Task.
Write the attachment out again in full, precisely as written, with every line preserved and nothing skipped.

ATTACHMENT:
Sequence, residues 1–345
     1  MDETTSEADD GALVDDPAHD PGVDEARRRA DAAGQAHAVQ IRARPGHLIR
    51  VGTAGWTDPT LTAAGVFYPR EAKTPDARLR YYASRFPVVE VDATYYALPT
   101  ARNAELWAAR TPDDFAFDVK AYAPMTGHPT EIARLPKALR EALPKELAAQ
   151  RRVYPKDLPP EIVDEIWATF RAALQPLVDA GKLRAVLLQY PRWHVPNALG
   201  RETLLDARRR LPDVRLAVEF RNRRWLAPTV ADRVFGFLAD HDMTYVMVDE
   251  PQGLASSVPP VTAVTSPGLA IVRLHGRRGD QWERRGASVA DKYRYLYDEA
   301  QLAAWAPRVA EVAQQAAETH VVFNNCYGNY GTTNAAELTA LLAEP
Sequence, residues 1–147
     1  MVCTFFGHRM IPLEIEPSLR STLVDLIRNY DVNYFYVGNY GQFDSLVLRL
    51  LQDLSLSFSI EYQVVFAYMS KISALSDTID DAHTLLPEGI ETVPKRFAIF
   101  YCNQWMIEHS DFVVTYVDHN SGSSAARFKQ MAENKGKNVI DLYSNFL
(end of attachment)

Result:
Sequence, residues 1–345
     1  MDETTSEADD GALVDDPAHD PGVDEARRRA DAAGQAHAVQ IRARPGHLIR
    51  VGTAGWTDPT LTAAGVFYPR EAKTPDARLR YYASRFPVVE VDATYYALPT
   101  ARNAELWAAR TPDDFAFDVK AYAPMTGHPT EIARLPKALR EALPKELAAQ
   151  RRVYPKDLPP EIVDEIWATF RAALQPLVDA GKLRAVLLQY PRWHVPNALG
   201  RETLLDARRR LPDVRLAVEF RNRRWLAPTV ADRVFGFLAD HDMTYVMVDE
   251  PQGLASSVPP VTAVTSPGLA IVRLHGRRGD QWERRGASVA DKYRYLYDEA
   301  QLAAWAPRVA EVAQQAAETH VVFNNCYGNY GTTNAAELTA LLAEP
Sequence, residues 1–147
     1  MVCTFFGHRM IPLEIEPSLR STLVDLIRNY DVNYFYVGNY GQFDSLVLRL
    51  LQDLSLSFSI EYQVVFAYMS KISALSDTID DAHTLLPEGI ETVPKRFAIF
   101  YCNQWMIEHS DFVVTYVDHN SGSSAARFKQ MAENKGKNVI DLYSNFL